So one thing you may want to consider is to install a sump on your 55-gallon aquarium and then relocate the DLSB to the sump instead of having it in the main tank. There are many advantages to adding a sump to your seahorse setup. For starters, it increases the overall water volume of your system with all the benefits that implies. A good-sized sump can easily double your carrying capacity, increasing your safety margin accordingly. It makes an ideal place to put a protein skimmer, heater(s), air stones, and other equipment so they don’t have to be hidden in the display tank. (A well-designed sump does a great job of trapping and eliminating the microbubbles emitted from skimmers and preventing them from entering the aquarium, and provides an excellent way of increasing the aeration/oxygenation, which is so important for a seahorse setup.) It’s the perfect place to perform additional mechanical and chemical filtration, tailoring the filter media to meet ones exact needs, or to add a calcium or nitrate reactor or even a Deep Live Sand Bed (DLSB) to your seahorse setup. Because the sump is a large body of water separated from the aquarium itself, it facilitates water changes, dosing supplements, adding top-off water to the tank and other maintenance tasks, all of which can be carried out in the sump without disturbing the main tank or stressing its inhabitants. Entire sections of the mechanical filtration can be cleaned at one time without affecting your primary biofilter, and water changes can be performed gradually without causing stress to the fish or invertebrates. A sump/refugium can also be used to grow a lush bed of macroalgae using a reverse lighting cycle to stabilize the pH and absorb wastes.

To take advantage of these benefits, I suggest partitioning the sump to divided into two or more separate chambers. This can be accomplished by installing perforated tank dividers across the width of the sump, thereby separating it into two or more isolated compartments. One of the compartments can accommodate all of your equipment (in-sump skimmer, return pump, heaters, titanium grounding probe, UV sterilizer, etc.) while another of the compartments can be used to establish a deep live sand bed (DLSB) with plenty of Caulerpa or Chaetomorpha turf algae. The DLSB/macroalgae side serves as a refugium and will soon become populated with countless critters (copepods, Gammarus and other amphipods, larval crustaceans, etc.). With the Caulerpa and/or Chaetomorpha acting as an algal filter and the anaerobic layers of DLSB providing denitrification, the aquarist never need be concerned about nitrates or nuisance algae with this type of sump/refugium.

In addition, the biological refugium/sump can be maintained on an opposite light cycle to the main tank to offset the daily fluctuations in pH, photosynthesis, dissolved oxygen/carbon dioxide, and redox levels that otherwise occur in the aquarium. Daily variances in chemical, physical and biological phenomena are a fact of life in aquaria, linked to the light and dark cycles and the diurnal rhythms of captive aquatic systems. As one example, the pH of aquarium water typically peaks after the lights have been on all day at a maximum of perhaps 8.4, only to drop to low of below 8.0 overnight. This is related to photosynthesis and the fact that zooanthellae and green plants consume CO2 and produce O2 when there is adequate light, but reverse that process in the dark, consuming O2 and giving off CO2. Redox levels, available calcium and other water quality parameters are affected in similar ways. Needless to say, these variations are far greater is a small, closed-system aquarium than they are in the ocean, so it’s beneficial to minimize such fluctuations by reversing the photoperiod in the main display and the sump/refugium. This is easily accomplished by timing the lighting in the sump so that the bed of macroalgae is illuminated after dark when the lights on the display tank are off, and vice versa. Just use alternating timers on the main tank and the refugium tank so that when one is on, the other is off. (Other macroalgae require a period of darkness in order to thrive, but if you will be using Caulerpa, it can even be illuminated 24 hours a day around the clock in order to accomplish the same thing.) Voila! Just like that the roller coaster ride is over: no more daily fluctuations in pH or highs and lows in calcium levels, oxygen minima, or peaks and valleys in redox potential.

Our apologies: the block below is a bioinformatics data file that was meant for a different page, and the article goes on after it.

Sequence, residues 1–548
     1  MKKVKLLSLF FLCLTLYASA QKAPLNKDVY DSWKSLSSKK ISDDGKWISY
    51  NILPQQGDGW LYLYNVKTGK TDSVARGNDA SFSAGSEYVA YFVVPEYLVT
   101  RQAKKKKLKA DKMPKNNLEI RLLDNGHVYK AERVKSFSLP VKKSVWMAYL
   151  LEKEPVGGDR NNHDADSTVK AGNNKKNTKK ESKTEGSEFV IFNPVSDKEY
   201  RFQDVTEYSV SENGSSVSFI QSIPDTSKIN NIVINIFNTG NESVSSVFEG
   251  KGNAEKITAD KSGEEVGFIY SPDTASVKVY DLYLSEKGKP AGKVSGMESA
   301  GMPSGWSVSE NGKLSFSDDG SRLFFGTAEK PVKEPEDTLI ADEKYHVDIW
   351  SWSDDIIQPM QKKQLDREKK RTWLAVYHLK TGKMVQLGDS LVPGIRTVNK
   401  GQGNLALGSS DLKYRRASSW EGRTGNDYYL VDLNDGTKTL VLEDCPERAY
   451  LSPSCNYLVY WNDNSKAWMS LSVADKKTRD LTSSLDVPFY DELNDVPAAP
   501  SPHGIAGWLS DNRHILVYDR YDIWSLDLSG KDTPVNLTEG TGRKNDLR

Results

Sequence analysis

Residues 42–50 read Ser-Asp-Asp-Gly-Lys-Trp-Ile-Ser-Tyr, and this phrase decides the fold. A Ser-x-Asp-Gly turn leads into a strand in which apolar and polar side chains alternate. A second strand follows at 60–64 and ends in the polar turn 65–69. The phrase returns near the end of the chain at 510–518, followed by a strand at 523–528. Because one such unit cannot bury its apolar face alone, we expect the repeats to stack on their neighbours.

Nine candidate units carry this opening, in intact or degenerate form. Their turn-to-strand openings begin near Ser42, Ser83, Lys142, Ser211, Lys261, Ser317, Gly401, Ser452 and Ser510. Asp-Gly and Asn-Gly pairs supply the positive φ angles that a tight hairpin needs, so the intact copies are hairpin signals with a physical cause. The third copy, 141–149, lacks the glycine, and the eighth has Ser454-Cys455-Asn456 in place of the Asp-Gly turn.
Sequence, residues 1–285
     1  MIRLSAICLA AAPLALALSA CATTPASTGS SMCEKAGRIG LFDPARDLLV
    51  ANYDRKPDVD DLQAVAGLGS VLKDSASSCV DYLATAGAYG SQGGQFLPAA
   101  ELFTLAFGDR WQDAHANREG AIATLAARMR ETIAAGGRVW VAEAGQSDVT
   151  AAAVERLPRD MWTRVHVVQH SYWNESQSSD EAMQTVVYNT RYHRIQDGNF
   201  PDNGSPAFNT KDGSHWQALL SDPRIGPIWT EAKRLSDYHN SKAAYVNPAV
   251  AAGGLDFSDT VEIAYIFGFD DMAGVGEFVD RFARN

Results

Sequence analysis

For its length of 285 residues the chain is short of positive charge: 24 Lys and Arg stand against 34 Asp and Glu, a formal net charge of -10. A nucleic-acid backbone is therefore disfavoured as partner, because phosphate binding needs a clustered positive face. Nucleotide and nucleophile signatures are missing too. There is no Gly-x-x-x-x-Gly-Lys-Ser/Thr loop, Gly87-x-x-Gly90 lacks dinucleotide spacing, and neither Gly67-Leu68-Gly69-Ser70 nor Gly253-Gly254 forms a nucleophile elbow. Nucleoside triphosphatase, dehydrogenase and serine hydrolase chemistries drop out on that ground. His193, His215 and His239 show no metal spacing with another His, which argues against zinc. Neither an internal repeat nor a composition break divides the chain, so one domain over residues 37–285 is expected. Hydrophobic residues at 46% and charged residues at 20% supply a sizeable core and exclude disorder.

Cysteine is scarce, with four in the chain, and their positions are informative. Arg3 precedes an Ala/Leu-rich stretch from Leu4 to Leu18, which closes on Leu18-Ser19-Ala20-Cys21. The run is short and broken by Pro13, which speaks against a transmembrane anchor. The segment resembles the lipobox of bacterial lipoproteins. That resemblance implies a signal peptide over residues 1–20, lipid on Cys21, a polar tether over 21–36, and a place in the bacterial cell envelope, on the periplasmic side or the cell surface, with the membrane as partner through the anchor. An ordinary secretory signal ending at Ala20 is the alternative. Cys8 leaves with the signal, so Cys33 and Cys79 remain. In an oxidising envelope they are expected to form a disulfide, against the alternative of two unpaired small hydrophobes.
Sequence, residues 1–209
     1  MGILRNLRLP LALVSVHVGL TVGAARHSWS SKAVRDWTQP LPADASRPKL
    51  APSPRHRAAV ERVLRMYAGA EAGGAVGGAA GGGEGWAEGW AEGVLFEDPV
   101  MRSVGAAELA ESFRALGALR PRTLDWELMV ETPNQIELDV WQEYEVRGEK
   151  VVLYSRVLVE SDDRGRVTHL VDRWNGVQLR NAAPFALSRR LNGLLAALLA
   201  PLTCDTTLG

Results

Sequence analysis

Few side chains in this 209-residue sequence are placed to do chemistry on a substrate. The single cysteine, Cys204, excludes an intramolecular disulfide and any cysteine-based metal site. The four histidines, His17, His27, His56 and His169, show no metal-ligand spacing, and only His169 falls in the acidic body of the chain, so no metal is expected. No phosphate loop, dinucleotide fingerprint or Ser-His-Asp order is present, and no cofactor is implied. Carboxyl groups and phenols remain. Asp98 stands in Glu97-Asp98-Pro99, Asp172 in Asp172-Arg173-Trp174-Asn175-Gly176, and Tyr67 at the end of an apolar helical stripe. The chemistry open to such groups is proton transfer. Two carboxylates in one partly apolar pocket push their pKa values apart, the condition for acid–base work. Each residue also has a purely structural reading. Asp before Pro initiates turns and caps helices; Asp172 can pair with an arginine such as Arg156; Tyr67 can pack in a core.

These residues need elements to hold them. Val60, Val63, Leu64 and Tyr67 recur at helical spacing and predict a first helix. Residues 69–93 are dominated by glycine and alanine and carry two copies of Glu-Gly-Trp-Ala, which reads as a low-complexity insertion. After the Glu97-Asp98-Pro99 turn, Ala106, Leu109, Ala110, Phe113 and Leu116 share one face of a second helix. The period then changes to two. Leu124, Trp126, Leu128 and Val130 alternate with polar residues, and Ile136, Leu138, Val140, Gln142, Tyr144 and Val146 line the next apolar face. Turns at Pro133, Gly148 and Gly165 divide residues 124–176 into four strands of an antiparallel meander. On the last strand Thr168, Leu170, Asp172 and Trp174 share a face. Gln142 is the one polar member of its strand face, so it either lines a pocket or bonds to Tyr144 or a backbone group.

Because it is separate from the main system yet shares the same water, the sump/refugium can also be used as a nifty acclimation tank for new arrivals or a handy isolation tank for separating incompatible specimens. For seahorse keepers, the refugium compartment of a divided sump or dual chamber sump makes an ideal grow-out tank for juvenile seahorses that have outgrown their nurseries but are still too small to be kept in the main tank. A dual-chamber sump is a very versatile design that lends itself to multiple purposes. Use your imagination.

For additional information on setting up and maintaining a DLSB, check out the following FAQs site by the wetwebmedia guys. Skim through it carefully and it should give you lots of good ideas regarding how to keep your DLSB functioning properly:

Click here: DSBFAQs
<http://wetwebmedia.com/dsbfaqs.htm&gt;